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Amputation Prevention in Black Populations: Wound Debridement Strategies

Open wounds, from ulcerations to slow-healing wounds, are some of the comorbidities in diabetic patients that lead to lower limb amputation. Foot ulceration precedes 85% of diabetes-related amputations. The Black population, in particular, has a 77% higher risk of diabetes than the rest of the U.S population. Wound debridement is one strategy used to promote wound healing to reduce amputation. Let's dive in and find out more about wound debridement strategies.

What Is Wound Debridement?

Wound debridement removes dead or infected tissue to help a wound heal. It minimizes scarring, helps healthy tissue grow, and reduces complications of infections. Wound debridement is crucial for wounds that are getting worse and allows the healing process to begin.

Non-healing Wounds in Diabetics

Foot ulceration is a leading cause of non-traumatic minor and major lower limb amputations. A small wound on the foot can quickly develop into a foot ulcer, which tends to heal more slowly and progress quickly.

If left untreated, a foot ulcer can lead to limb loss. For this reason, an optimal way to close and heal wounds quickly is required. Besides, timely catching of wounds is the only way to reduce complications.

Conditions that arise from diabetes, such as neuropathy and pulmonary artery disease (PAD), are some of the major contributors to non-healing wounds. Diabetic neuropathy is damage to the nerves in the limbs. A patient suffering from neuropathy may not be able to feel ulcers when they occur, causing the wounds to become even more severe.

PAD reduces the supply of oxygen and blood platelets in the repair process. This lack of blood flow leads to rapid tissue death and impedes wound healing. Also, elevations in blood glucose can reduce the body's ability to fight off a potential infection and slow healing.

Wound Debridement Strategies

Wound debridement is required for old, non-healing wounds that worsen by the day. Healthcare providers use a combination of debridement methods, but this greatly depends on the wound, patient age, risk of complications, and overall health.

Mechanical Debridement

Mechanical debridement is the most common wound debridement type, and it removes tissue using a moving force. This wound debridement strategy is ideal for both infected and non-infected wounds. Examples of mechanical debridement include:

  • Hydrotherapy – uses running water to wash away old tissue using a whirlpool bath, syringe, catheter tube, or shower treatment.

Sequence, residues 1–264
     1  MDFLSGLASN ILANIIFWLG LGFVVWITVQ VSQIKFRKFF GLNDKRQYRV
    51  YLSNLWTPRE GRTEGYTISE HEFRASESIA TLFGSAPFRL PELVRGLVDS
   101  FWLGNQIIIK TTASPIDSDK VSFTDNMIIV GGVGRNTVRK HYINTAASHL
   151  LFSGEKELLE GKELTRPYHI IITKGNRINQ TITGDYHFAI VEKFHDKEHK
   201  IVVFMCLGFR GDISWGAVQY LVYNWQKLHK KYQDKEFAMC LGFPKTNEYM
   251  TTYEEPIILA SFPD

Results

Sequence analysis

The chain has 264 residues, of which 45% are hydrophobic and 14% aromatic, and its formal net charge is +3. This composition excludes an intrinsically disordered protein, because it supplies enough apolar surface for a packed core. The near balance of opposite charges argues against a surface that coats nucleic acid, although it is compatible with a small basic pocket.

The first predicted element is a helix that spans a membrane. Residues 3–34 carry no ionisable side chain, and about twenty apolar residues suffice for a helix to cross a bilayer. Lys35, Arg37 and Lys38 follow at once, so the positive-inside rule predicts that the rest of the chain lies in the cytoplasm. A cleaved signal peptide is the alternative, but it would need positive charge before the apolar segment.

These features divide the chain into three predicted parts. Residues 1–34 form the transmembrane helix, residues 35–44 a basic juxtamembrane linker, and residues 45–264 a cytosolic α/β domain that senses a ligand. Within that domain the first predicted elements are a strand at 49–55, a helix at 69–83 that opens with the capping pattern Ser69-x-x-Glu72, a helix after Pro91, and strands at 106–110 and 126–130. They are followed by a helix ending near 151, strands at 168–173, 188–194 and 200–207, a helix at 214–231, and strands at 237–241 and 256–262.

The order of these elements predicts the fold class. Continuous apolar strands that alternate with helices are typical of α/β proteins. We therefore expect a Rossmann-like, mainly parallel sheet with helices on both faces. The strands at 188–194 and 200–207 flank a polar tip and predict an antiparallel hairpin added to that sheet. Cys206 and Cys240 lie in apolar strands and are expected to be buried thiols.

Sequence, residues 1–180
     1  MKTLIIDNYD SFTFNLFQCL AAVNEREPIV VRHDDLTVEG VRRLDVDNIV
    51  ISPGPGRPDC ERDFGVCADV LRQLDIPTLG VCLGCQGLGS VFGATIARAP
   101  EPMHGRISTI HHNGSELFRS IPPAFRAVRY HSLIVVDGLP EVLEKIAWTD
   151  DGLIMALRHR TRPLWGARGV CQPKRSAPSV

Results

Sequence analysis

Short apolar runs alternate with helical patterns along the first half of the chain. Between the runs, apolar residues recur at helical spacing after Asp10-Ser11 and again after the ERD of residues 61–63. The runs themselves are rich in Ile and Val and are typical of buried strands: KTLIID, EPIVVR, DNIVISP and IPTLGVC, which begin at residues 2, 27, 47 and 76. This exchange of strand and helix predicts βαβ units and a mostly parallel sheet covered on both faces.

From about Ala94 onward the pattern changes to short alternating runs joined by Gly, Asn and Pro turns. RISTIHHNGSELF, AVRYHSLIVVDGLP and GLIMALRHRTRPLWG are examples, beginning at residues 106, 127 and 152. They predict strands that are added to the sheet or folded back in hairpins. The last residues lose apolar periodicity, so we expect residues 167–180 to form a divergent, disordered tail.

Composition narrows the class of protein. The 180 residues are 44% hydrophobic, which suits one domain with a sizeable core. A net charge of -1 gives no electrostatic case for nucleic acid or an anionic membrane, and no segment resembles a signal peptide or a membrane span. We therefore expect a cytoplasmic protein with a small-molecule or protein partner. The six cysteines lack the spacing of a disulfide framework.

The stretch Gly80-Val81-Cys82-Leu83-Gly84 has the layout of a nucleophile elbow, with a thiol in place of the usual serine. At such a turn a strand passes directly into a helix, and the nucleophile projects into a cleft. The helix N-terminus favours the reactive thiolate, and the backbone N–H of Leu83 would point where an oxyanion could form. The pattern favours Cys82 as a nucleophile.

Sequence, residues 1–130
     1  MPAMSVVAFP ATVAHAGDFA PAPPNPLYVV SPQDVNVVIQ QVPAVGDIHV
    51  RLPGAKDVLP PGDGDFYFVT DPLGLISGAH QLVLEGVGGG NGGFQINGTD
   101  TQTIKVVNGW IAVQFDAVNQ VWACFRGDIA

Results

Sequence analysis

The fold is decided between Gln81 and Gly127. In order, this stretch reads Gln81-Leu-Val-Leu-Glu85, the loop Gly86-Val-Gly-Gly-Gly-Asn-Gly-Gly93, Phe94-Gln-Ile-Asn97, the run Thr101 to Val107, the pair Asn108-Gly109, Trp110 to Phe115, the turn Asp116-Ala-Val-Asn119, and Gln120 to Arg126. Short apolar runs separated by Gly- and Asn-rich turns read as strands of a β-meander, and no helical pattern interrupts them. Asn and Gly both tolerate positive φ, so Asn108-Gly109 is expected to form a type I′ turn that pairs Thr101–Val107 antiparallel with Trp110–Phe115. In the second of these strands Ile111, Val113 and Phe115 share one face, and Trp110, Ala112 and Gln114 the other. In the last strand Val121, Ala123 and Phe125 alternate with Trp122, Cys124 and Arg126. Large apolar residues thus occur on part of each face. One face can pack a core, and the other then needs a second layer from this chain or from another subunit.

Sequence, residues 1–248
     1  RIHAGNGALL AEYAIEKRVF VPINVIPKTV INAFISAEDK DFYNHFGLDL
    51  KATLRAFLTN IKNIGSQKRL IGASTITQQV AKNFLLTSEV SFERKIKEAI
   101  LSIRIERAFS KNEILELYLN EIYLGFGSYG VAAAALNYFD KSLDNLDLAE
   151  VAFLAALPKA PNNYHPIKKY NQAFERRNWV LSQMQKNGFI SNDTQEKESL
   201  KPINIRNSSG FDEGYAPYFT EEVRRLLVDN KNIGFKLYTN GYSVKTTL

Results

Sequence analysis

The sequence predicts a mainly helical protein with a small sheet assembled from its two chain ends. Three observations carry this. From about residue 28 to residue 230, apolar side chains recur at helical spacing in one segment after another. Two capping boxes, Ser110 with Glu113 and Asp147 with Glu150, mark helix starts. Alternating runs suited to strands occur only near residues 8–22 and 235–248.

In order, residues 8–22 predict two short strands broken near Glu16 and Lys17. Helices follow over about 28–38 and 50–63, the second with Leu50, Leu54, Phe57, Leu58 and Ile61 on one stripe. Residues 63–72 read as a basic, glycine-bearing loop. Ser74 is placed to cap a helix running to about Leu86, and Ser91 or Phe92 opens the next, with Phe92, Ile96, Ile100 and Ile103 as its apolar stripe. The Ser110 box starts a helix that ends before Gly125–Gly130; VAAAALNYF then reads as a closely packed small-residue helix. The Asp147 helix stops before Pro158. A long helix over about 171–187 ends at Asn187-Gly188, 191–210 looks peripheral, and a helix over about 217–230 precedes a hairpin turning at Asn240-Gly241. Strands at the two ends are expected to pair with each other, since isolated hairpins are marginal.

• Wet-to-dry dressing – promotes moist wound healing and removes dead tissue from wounds once it dries and sticks to the wound.

Biological Debridement

Doctors use maggots from Lucilla sericata (green bottle fly) grown in sterile environments for biological debridement. The maggots are applied to the wound bed in a mesh and placed with the dressing. They then eat old tissue, allowing the wound to heal and help control infections by releasing antibacterial substances.

Biological debridement is also known as biosurgery, larval therapy, or maggot debridement therapy. This wound debridement strategy is often used for large wounds or to combat antibiotic-resistant bacteria in the wound site. Custom and pre-assembled dressings are available, plus the option to create your own.

Enzymatic Debridement

Enzymatic or chemical debridement involves applying a prescribed topical gel or ointment that liquefies necrotic tissues with enzymes. This medication is applied one to two times a day, after which the wound is dressed. This method is done together with surgical and sharp debridement. Enzymatic debridement is commonly used for long-term care since there is less pain. It, however, cannot be used on chronic wounds.

Autolytic Debridement

Autolytic debridement is a strategy that relies on the body's immune cells, enzymes, and moisture to liquefy and eliminate necrotic tissue. A moisture-retention dressing is placed on the sores to create an environment for digestion of devitalized tissues. Maintaining a balance in moisture is essential. Autolytic debridement is painless for the patient and is ideally used for non-infected wounds and pressure sores.

Sharp Debridement (Conservative and Surgical)

Conservative sharp debridement uses forceps, scalpels, scissors, or curettes to remove biofilm and devitalized tissue. This debridement method doesn't extend to the surrounding healthy tissue and is performed by a doctor, nurse, podiatrist, or dermatologist.

Surgical sharp debridement is done when all other debridement methods fail. It involves direct removal of necrotic tissues using surgical instruments to assess wound depth and severity. The limitation of this surgery is that it's non-selective, and the surgeon may remove healthy tissue around the wound. Surgical sharp debridement is often used for chronic wounds and is the most efficient method for wound bed preparation.

Debridement Wound Care

To prevent further complications, always take care of your wound. Some of the recommended daily practices for effective wound healing include:

  • Regularly changing the dressing,
  • Keeping the wound clean, and
  • Reducing pressure on the wound.

Maintain a balanced diet since the nutrients improve the body's immunity and encourage wound healing. Avoid smoking as it stops nutrients and oxygen from reaching the wound, ultimately worsening the ulcer. Regular checkups at the doctor's office also ensure proper wound healing.

Bottom Line

Wound debridement is necessary for wounds that are getting worse. The Black population needs to understand the numerous debridement options available at their disposal. This way, treatment for non-healing sores is done promptly to prevent unnecessary amputations among African Americans.

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